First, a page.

References to the Court of Arches up to and including the 17th century indicate that it met within the church, but it is not clear whether the court sat in any particular part of the building. There are several .mt 7 references to the Court of Arches in the accounts for the rebuilding of the church after the Great Fire. It is just possible that one or more of these concern the part of the church in which the court sat before the Fire, for several other parts of the earlier church are mentioned in the records of rebuilding. It is more likely, however, that they all concern the structure identified as the Court of Arches in a study for the plan of the new church. This was a large room over the N. aisle of the 11th-century crypt adjoining Bow Lane, and was eventually built on an even larger scale. (fn. 37) In the event, the Court of Arches usually sat at Doctors' Commons in the period after the Great Fire, and this room came to be used as the vestry.
Other activities in the church
As with other churches in medieval London, St. Mary le Bow was a place where felons sought sanctuary from time to time. (fn. 38) The size and prominent location of the church may have made it an attractive place of refuge, but there is no evidence that its status as principal church of the deanery of Arches, exempt from the jurisdiction of the bishop of London, enhanced its position in this respect. St. Mary le Bow, was also like other churches, a place where secular business was transacted, and in particular where debts were specified to be repaid. (fn. 39) Such business seems to have taken place more frequently in St. Mary le Bow than in some smaller parish churches, but by no means so often as in the conventual church of St. Thomas of Acre at the E. end of Cheapside (cf. 105/18).
The church seems also to have been used occasionally for secular assemblies, although again to nothing like the same extent as with St. Thomas of Acre. The drapers appear to have assembled there for devotional rather than secular purposes (see above), but in 1380 a large number of journeymen saddlers met in the church of St. Mary atte Bow, apparently in opposition to the masters of the craft. (fn. 40) The devotional interest of other leather workers in the church at about this time (see above) suggests that this assembly may not have been an isolated occurrence.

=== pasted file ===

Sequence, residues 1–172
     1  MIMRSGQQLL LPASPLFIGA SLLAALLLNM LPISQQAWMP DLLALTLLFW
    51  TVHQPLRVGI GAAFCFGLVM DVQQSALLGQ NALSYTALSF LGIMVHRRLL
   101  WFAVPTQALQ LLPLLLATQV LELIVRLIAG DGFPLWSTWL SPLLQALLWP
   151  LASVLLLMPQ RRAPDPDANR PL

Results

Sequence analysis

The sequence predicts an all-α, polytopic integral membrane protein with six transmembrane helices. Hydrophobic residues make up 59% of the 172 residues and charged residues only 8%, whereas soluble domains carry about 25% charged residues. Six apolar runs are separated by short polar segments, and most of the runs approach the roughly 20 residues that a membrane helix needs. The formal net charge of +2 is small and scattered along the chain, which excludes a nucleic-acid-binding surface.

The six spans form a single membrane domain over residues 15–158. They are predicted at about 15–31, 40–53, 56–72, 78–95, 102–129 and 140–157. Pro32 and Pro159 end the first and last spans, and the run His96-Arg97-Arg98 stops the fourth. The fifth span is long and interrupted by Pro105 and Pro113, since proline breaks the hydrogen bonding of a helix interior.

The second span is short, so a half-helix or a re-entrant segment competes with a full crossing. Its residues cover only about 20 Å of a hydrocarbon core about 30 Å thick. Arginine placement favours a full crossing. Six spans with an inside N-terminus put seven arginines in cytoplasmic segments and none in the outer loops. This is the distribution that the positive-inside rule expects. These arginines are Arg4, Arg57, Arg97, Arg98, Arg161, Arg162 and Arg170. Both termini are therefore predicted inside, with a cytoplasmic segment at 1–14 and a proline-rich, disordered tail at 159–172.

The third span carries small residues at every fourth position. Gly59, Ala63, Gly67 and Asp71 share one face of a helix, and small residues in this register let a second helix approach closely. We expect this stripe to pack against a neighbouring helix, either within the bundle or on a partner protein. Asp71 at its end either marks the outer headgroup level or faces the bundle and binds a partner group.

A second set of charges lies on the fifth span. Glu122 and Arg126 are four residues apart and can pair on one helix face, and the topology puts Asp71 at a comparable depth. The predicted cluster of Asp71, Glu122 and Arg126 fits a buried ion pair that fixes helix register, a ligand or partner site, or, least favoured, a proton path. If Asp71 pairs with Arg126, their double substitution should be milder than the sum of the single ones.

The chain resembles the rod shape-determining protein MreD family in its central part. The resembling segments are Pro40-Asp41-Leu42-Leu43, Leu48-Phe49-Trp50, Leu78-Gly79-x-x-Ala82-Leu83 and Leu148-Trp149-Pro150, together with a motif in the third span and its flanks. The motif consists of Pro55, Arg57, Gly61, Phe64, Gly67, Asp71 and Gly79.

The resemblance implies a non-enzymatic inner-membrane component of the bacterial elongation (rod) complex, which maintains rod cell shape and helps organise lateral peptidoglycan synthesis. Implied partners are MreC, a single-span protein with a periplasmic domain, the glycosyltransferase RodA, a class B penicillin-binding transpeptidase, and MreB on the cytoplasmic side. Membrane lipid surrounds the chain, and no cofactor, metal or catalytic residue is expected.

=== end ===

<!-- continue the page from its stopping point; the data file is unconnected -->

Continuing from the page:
Valuations of the church
The high standing and prominent location of the church, as well as its relatively large parish, appear to have accounted for the high income which its incumbent enjoyed from tithes and other offerings. In 1291 its spiritualities were valued at £13. 6s. 8d., by far the largest valuation among those given for parish churches in the city, and equalled only by that for the church of St. Magnus, which may have attracted many offerings from travellers crossing London Bridge. In 1535 the value of the tithes and the rector's dwelling was given as £33. 12s. 3 1/2d., a valuation which likewise was substantially greater than those for other parish churches in Cheapside. (fn. 41)
The name of the church
Throughout the Middle Ages, after the 12th century, the church's name is almost invariably given as St. Mary de arcubus in Latin or as des arches in French. In the English vernacular of the 14th and 15th centuries the name usually appears as St. Mary atte Bowe, a form which persisted into the 16th century. The names 'Bowchurch', 'St. Mary Bowe' (or occasionally 'St. Mary de Bowe'), and 'Bowchurchyard' were commonly used in the 16th century and later. The name 'St. Mary le Bow' does not appear to have been introduced until the later 16th century, or to have been widely adopted until the 17th.
The structure of the church after the reformation
The body of the church and the tower
Like many city churches, St. Mary le Bow was repaired and embellished during the 1620s and 1630s. In about 1620 the church was newly pewed and beautified, and the chancel raised. In the 1630s the parishioners feared that the lantern on the tower would fall, and so had it taken down, probably along with the stone arches which supported it. The work of reconstruction was entrusted to the well-known mason Edmund Kinsman. Forty tons of new stone were purchased for the work, but progress was hindered by the restricted availability of stone at the quarry until the requirements of the rebuilding programme at St. Paul's had been met. Consequently, the churchwardens were in November 1635 enjoined 'to use all diligence to restore the bow of the tower of the church', and in the following January reported that they were about to agree with workmen concerning scaffolding for rebuilding the lantern, of which they had caused a 'model' to be drawn. This work was presumably completed successfully, for Hollar's panorama of 1647 shows both the lantern and the arches beneath it. (fn. 42)